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An Ecclesiastical History To The 20th Year Of The Reign Of Constantine by Eusebius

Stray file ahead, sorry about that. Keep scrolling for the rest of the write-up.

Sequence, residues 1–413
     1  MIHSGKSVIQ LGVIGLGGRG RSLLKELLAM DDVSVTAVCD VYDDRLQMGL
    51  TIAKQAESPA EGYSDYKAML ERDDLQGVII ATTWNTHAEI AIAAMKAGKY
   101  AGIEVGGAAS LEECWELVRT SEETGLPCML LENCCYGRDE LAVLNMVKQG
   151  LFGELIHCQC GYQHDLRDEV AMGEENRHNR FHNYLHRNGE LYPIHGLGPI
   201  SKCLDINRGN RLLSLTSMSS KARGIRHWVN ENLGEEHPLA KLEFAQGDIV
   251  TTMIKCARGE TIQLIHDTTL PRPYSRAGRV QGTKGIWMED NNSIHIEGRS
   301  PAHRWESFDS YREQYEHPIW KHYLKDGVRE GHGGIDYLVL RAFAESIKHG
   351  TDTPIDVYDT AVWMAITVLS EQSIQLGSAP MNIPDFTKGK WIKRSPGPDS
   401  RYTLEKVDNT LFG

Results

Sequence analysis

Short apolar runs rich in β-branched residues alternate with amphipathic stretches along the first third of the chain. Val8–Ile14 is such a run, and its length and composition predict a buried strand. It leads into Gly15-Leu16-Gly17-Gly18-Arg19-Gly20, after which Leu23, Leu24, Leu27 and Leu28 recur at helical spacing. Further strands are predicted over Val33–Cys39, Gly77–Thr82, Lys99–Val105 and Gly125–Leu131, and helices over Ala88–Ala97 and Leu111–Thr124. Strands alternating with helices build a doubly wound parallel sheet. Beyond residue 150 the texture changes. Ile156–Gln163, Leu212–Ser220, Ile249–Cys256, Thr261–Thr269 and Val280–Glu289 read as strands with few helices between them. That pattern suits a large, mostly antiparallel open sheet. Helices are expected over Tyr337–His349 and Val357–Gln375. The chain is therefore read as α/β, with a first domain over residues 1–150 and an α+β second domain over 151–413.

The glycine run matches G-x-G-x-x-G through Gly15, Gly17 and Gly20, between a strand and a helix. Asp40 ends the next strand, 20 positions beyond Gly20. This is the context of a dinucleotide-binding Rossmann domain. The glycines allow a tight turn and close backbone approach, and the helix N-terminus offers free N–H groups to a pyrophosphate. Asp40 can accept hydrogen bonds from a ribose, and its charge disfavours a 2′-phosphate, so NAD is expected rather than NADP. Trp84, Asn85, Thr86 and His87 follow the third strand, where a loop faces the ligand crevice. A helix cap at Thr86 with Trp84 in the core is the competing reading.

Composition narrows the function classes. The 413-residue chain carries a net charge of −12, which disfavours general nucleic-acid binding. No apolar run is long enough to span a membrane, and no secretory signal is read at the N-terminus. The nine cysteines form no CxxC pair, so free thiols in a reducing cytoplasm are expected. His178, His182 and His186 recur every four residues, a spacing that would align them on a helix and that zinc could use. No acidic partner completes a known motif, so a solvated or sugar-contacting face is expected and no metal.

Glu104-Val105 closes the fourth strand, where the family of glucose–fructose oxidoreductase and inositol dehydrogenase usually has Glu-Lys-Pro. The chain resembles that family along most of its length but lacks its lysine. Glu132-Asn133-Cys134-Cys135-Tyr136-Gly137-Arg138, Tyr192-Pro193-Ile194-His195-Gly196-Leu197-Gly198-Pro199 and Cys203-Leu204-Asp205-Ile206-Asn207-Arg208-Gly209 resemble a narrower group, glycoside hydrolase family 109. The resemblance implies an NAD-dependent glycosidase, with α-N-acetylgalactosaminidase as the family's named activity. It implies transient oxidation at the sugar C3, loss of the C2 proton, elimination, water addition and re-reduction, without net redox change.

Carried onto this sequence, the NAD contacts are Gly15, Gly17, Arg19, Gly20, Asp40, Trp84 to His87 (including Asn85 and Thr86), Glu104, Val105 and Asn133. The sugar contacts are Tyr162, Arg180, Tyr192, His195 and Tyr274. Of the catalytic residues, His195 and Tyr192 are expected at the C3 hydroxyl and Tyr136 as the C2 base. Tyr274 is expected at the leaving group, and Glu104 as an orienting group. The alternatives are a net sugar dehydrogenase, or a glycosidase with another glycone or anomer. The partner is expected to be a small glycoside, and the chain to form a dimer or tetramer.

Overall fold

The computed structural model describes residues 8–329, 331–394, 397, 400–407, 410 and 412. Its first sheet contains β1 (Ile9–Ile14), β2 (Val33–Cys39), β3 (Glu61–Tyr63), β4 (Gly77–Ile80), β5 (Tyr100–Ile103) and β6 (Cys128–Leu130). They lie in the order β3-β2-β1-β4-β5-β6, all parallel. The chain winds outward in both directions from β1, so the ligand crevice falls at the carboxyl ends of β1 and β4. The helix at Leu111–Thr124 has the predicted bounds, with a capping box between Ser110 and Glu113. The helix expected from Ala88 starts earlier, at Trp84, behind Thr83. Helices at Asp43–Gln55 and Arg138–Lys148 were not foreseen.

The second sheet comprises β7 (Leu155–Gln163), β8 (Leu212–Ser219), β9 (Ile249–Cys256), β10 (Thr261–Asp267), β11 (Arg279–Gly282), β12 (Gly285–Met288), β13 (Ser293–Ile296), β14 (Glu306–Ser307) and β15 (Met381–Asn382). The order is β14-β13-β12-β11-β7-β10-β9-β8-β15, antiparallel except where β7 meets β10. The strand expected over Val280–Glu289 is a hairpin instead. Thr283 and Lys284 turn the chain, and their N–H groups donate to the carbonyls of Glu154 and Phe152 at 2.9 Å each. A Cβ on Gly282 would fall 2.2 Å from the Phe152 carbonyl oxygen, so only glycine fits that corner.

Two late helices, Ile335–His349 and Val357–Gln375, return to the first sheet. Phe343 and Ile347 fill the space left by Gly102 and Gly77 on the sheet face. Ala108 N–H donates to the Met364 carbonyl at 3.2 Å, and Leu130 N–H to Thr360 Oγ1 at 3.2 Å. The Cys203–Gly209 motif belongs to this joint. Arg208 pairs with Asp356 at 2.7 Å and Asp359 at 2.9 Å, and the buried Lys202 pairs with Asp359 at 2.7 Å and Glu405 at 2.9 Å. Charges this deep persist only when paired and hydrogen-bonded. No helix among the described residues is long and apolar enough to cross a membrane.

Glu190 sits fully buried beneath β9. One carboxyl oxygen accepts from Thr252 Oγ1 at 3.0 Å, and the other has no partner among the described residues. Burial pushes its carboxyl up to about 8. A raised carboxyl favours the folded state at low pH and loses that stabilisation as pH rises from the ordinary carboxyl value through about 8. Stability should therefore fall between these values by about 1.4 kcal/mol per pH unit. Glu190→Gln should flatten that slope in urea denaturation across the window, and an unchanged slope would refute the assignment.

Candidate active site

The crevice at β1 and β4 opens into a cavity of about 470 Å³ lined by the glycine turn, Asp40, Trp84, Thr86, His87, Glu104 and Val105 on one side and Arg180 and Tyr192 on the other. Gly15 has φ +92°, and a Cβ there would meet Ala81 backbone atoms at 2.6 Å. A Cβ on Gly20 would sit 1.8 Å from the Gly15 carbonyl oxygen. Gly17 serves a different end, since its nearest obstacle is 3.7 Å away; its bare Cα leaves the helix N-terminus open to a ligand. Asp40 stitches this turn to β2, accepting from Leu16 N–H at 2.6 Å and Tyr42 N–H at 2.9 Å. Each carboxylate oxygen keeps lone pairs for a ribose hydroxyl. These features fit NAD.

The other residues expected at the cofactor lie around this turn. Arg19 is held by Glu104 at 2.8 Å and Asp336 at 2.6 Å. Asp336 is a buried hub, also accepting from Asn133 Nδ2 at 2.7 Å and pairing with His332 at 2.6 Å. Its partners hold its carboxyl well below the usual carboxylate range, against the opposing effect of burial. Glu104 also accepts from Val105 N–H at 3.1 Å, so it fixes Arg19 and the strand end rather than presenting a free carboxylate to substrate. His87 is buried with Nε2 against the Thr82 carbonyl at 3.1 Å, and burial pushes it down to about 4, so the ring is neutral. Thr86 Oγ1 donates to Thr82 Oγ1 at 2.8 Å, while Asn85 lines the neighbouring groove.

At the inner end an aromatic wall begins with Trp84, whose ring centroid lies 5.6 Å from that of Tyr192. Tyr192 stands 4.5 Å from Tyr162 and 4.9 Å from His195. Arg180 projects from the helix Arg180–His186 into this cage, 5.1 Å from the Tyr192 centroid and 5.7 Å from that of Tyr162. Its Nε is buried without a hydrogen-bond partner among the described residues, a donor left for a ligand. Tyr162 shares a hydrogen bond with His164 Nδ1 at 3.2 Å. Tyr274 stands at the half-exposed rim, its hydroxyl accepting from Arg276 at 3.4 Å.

THIS author, who was copious in language, comprehensive in thought, sublime and elevated in his views of the sacred Scriptures, has made his exposition of the sacred books equally distinguished for variety of matter and manner. On the one hand he expounds the history of Genesis, in the books that he calls “Allegories of the Divine Laws,” following the order of the book; and on the other, he forms particular divisions of the chapters, according to the subject of the Scriptures, with the objections and solutions; in which same books also he prefixes the tables of the questions and solutions both in Genesis and Exodus respectively. There are also, besides these, treatises on certain problems particularly discussed, such as two “On Agriculture,” and two “On Drunkenness,” and some others distinguished by a different and peculiar title; such as “On the things that a Sober Mind earnestly desires, and those which it execrates;” also, “On the Confusion of Tongues,” and the treatise “On Flight and Discovery,” and that “On Literary Convention,” and “On the question, ‘Who is Heir to things Divine?’ ”or, “On the Division of Things into equal and unequal.” Moreover, the treatise on the three virtues, which Moses records with others. Beside these, there is one “On those whose Names are changed, and wherefore their Names have been changed;” in which he says, that he wrote also on the first and second covenant. There is also a work of the same author, “On Emigration, and on the Life of the Wise Man perfect in Righteousness;” or, “On the Unwritten Laws.” Also, “On Giants,” or, “On the Immutability of God.” And also, “On the Proposition, that Dreams, according to Moses, are sent by God”—five books. These are the books that have come down to us on Genesis, but on Exodus we are acquainted with the first five books of Questions and Solutions; also, that “On the Tabernacle,” that also “On the Ten Commandments;” also, the first four treatises on the laws referring particularly to the summary heads of the ten commandments. Also, the treatise “On the Sacrifice of Animals, and the Forms of Sacrifices;” that also, “On the Rewards proposed in the Law to Good Men, and the Punishments and Curses to the Wicked.” Besides all these, there are single books extant of the same author, as the treatises “On Providence,” and the book composed by him “On the Jews,” and “The Statesman.” To this may be added “Alexander,” or “On Irrational Animals evincing Reason.” Beside these, “On the Proposition that a Wicked Man is a Slave;” to this is subjoined the book, “That every Good Man is free.” After which he added the book “On a Contemplative Life, or the Devout,” from which we have related the circumstances respecting the life of the apostolical men. Also, the interpretations of the Hebrew names in the law and prophets, is said to be the result of his industry. The same author, in the reign of Caius, coming to Rome, is said to have recited before the whole senate, in the reign of Claudius, what he wrote on the impiety of Caius, to which he humourously prefixed the title “On the Virtues;” and the discourses were so much admired as to be deemed worthy of a place in the libraries. During this time also, Paul finishing his journey from Jerusalem, and thence round to Illyricum, Claudius expelled the Jews from Rome, at which time Aquila and Priscilla, with the other Jews that left Rome, went over into Asia. There they abode with the apostle, who was confirming those among whom churches had been already established by him. Of these facts we are also informed in the sacred book of the Acts.








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